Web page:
The battle of Trafalgar

On the 21st October 1805, 27 British ships under the command of Admiral Lord Horatio Nelson lined up against 33 French and Spanish ships under the command of the French Admiral Villeneuve faced each other just off the Cape of Trafalgar, in South West Spain.

A few hours later, 22 ships of the Franco Spanish fleet had been lost, without a single British ship suffering the same fate, Nelson was dying, Villeneuve was captured and a decisive victory had been struck, halting French invasion plans in their tracks.

As an aside and in a show of chivalry and respect for his adversary, Admiral Villeneuve attended Nelson’s funeral whilst out on parole after being brought to Britain as a prisoner of war.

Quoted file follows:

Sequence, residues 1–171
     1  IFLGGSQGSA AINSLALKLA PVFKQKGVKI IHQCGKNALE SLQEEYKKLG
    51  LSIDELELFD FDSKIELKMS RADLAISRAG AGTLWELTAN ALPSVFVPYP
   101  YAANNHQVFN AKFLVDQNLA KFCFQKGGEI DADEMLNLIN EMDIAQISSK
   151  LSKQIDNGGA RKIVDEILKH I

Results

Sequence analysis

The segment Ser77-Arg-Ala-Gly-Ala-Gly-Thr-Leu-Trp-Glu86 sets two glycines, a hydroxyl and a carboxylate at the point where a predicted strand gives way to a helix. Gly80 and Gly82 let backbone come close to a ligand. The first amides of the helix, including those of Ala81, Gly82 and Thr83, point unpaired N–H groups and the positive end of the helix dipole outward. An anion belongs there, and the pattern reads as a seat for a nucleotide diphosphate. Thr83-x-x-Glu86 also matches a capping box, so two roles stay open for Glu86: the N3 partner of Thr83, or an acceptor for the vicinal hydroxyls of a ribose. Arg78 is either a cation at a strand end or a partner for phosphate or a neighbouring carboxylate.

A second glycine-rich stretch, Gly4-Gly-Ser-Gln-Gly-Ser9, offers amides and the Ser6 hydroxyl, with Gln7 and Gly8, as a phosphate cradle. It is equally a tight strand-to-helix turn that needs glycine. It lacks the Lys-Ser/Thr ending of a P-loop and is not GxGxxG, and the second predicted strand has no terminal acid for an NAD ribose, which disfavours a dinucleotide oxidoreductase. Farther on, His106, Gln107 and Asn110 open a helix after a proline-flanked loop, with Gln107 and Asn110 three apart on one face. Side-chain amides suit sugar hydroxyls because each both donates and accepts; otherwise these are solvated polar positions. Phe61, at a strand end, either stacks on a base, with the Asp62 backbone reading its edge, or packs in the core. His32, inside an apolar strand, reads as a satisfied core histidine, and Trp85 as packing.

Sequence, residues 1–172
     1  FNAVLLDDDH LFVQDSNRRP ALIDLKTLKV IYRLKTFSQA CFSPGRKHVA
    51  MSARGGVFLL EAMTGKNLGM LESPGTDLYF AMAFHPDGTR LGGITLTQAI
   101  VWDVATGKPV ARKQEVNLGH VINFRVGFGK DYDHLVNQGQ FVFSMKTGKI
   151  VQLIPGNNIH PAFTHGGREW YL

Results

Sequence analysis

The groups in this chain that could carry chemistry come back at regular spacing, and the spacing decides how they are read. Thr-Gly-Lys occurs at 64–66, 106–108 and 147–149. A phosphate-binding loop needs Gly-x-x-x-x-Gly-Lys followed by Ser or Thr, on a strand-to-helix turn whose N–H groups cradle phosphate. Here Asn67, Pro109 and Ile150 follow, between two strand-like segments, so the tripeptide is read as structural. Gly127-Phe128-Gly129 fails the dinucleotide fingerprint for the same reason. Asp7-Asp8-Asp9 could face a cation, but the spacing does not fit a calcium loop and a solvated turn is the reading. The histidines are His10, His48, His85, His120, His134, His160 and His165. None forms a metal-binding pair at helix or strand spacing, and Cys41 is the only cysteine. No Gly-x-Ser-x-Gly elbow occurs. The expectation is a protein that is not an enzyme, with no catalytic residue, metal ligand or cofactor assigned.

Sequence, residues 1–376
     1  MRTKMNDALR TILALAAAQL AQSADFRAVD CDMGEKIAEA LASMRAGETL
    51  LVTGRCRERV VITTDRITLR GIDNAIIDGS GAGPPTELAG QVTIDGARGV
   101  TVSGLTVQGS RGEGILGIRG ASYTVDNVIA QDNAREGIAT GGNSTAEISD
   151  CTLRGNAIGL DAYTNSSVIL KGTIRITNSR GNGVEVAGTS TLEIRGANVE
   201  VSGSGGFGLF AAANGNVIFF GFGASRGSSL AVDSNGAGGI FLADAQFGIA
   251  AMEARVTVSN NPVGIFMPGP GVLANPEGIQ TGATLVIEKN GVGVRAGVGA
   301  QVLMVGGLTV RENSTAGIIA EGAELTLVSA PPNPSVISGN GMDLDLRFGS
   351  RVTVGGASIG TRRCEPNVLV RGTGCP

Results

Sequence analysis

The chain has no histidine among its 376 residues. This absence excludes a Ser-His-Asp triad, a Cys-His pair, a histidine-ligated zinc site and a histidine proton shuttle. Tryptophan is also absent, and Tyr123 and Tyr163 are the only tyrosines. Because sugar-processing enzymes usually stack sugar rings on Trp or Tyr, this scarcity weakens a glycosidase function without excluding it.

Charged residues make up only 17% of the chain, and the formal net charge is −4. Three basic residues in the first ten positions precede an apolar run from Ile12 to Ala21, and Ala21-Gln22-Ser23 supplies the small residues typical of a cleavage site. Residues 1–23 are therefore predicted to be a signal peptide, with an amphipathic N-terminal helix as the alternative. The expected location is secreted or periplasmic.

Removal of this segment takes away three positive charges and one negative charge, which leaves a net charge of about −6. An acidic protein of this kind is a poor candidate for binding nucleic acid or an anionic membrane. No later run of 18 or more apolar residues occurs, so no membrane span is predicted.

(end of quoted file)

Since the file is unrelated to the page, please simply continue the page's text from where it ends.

The final toll makes grim reading, 1587 British sailors either killed or wounded and whilst the Franco Spanish forces losses were never made public historians estimate that around 16000 of them were killed, wounded or taken prisoner. This victory was said to have been the catalyst for British mastery of the oceans until the Second World War, although economic prosperity probably has a part to play.


This is Trafalgar lighthouse, at Cape Trafalgar, not far from Cadiz in south west Spain. Which means that out there:


nearly 18000 men of many different nationalities had their lives changed forever just over 200 years ago.

What does all of the above mean?

Nothing. Absolutely nothing. Just over 200 years ago nearly 18000 men died, were wounded or were taken prisoner and no doubt treated very harshly indeed, and yet, today in 2017 man still cannot live with man.

History teaches us that history teaches us nothing.


About bobleponge216

Elderly rotund toothless male seeks wilderness to travel to.
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